“I felt so lucky and so happy to see that my brother was alive,” said the 83-year-old.
“But seeing him for only a few hours after being separated for several decades was really harsh,” she said. “It was way too short, and too heartbreaking.”
Kim is one of the dwindling number of people left whose families were torn apart during the 1950-53 conflict, which sealed the division of the Korean peninsula. Most have died without ever seeing their loved ones again.
Since 2000, the two Koreas – between which all civilian communication is banned – have held 20 rounds of family reunions, largely when their volatile relations have eased.
The latest meetings are the first in three years, a period during which the nuclear-armed North has carried out three atomic tests and scores of ballistic missile launches.
The South’s President Moon Jae-in and the North’s leader Kim Jong Un agreed to resume the gatherings at their first landmark summit in April, held in the Demilitarised Zone that runs across the peninsula.
The reunion saw a total of 181 Southerners cross the frontier for three-day visits to meet their relatives at the North’s scenic Mount Kumgang resort, with one group going on Monday (Aug 20) and a second following today (Aug 24).
Participants are chosen by lottery – after which checks are carried out to ensure their relatives are still alive – and are seen as extremely lucky.
But the short, highly-choreographed events meant to help assuage wounds that have burned for more than a half century barely allow them the chance to try.
Each time, the Southerners and Northerners are confined to two different hotels and allowed to see each other only over two meals and a separate two-hour session, limiting their overall reunion to a total of only about six hours.
The years have often taken their toll and some find it hard to mend the decades apart, clinging to senile or almost-deaf parents or siblings, tearfully shouting “Don’t you remember me? It’s me!” before bitterly giving up attempts to communicate.
At Kim’s reunion in 2014, some Northerners were seen bellowing speeches extolling the “Great General” and a Southerner sang the praises of Lord Jesus to their relations from the other side, who looked visibly uncomfortable.
Another was traumatised by the sight of her emaciated family members.
“I saw one (Southern) lady crying in the bathroom during the reunion, beating her chest and murmuring repeatedly ‘I shouldn’t have come’,” Kim said. “She was apparently shocked at the sight of her relatives who looked so poor.”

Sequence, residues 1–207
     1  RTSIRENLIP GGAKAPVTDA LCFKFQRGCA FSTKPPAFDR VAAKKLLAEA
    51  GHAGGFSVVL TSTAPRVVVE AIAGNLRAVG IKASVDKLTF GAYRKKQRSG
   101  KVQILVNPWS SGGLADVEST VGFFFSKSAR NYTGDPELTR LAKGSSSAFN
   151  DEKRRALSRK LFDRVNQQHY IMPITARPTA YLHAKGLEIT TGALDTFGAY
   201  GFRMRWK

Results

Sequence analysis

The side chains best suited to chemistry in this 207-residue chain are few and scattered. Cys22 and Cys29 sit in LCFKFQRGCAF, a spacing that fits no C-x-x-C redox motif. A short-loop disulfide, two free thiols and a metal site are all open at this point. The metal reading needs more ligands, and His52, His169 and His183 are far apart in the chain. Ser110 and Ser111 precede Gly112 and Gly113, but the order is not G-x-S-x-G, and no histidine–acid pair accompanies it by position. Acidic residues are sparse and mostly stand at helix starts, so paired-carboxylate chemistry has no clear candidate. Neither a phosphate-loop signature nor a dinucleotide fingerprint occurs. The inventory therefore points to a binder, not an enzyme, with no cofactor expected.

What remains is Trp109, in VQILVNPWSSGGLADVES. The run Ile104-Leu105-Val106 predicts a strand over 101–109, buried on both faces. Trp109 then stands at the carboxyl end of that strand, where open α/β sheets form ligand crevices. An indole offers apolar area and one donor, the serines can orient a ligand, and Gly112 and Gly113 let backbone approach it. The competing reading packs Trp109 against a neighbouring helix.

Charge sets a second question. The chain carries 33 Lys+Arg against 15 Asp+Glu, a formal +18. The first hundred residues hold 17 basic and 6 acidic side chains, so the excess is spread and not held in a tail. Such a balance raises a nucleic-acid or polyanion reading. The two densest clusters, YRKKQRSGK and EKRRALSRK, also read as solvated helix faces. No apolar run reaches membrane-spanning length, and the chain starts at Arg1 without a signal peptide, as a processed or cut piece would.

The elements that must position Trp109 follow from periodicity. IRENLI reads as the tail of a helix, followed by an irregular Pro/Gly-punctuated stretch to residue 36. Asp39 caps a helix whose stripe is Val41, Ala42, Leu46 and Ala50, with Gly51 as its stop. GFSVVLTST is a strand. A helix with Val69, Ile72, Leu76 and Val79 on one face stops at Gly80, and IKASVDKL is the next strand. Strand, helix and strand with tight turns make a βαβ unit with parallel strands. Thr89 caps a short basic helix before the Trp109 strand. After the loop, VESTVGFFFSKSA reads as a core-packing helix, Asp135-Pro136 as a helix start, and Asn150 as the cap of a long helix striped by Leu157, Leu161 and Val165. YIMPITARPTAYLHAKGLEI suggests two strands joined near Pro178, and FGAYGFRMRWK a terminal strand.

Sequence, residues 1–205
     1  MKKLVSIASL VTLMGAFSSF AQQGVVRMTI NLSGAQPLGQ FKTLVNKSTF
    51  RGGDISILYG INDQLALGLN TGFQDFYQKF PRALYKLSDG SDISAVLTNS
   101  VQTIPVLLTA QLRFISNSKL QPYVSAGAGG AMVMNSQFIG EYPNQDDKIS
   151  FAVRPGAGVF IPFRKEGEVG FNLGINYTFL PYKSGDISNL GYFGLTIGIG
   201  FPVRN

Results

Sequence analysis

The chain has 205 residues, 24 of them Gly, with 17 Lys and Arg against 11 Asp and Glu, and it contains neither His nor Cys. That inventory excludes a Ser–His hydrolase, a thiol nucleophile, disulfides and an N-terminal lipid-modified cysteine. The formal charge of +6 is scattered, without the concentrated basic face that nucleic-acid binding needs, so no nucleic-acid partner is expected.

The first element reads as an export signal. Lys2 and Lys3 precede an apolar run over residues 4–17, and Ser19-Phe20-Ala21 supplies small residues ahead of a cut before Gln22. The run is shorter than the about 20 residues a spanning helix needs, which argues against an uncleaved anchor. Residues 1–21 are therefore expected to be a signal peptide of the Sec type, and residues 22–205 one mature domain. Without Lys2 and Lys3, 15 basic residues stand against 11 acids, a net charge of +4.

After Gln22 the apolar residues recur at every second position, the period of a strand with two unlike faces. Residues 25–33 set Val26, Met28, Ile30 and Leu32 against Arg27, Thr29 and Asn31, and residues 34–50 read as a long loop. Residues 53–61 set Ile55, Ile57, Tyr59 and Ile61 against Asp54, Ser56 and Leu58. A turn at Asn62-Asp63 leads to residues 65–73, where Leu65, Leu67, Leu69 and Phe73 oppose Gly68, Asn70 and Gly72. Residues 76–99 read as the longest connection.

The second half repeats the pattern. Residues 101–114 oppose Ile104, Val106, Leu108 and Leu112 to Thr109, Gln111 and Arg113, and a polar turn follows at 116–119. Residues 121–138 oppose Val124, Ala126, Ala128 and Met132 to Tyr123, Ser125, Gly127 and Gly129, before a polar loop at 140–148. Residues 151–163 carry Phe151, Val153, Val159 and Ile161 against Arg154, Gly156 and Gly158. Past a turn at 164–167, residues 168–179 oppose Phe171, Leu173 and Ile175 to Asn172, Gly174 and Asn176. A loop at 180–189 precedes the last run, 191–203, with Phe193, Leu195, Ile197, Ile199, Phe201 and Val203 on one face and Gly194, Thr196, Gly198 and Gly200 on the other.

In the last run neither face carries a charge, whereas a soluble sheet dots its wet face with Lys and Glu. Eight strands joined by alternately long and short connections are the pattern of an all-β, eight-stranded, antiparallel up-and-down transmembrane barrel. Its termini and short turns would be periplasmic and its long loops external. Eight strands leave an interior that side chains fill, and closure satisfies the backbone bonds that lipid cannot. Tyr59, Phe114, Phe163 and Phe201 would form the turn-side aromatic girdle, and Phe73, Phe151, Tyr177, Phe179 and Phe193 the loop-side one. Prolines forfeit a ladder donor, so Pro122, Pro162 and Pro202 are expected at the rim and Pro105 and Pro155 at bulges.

Her brother Kim Hui-yong – aged 88 at the time – was paralysed on one side.
“I had so many questions to ask and had so much (to) tell... but I chose my words carefully and spoke what I thought was really necessary,” Kim said.
“I was afraid for his safety just in case... you never know how and when one could get into trouble in the North.”
The eldest son among six siblings, Hui-yong set off from the family’s hometown in rural southern Yeongju county in 1942 aged 17 – when Jong-gyu was six – to look for work.
At the time the resource-rich northern part of the peninsula was more developed than the agrarian south, and he eventually got a job at a factory in the now North Korean city of Hungnam before the war broke out.
“My brother was the smartest one among six children of my family, and losing him was losing a bright light in my family,” said Kim, who was accompanied by two younger sisters not even born when Hui-yong left.
Their parents missed him all their lives, his mother often staying awake past midnight listening to a locomotive rumble by a nearby station, hoping that her son might finally be on a train returning home.
Both her parents and two other brothers passed away before seeing him.
“They died one by one, passing the dream of being reunited with the oldest brother to the next,” she said. “Then it was my turn... and I saw the whole family’s dream finally come true.”
The two siblings tearfully said goodbye, although her brother told Kim: “There could be a day when we will meet again. Let’s bid farewell without crying.”
Back at home in Yeongju, Kim goes to church every Sunday to pray her brother is still alive and healthy, and for the two Koreas to reunify.
“But I don’t think I’ll see him again,” she said. “I think he must be dead by now.
“At least I saw him once, though only for six hours. I am blessed.”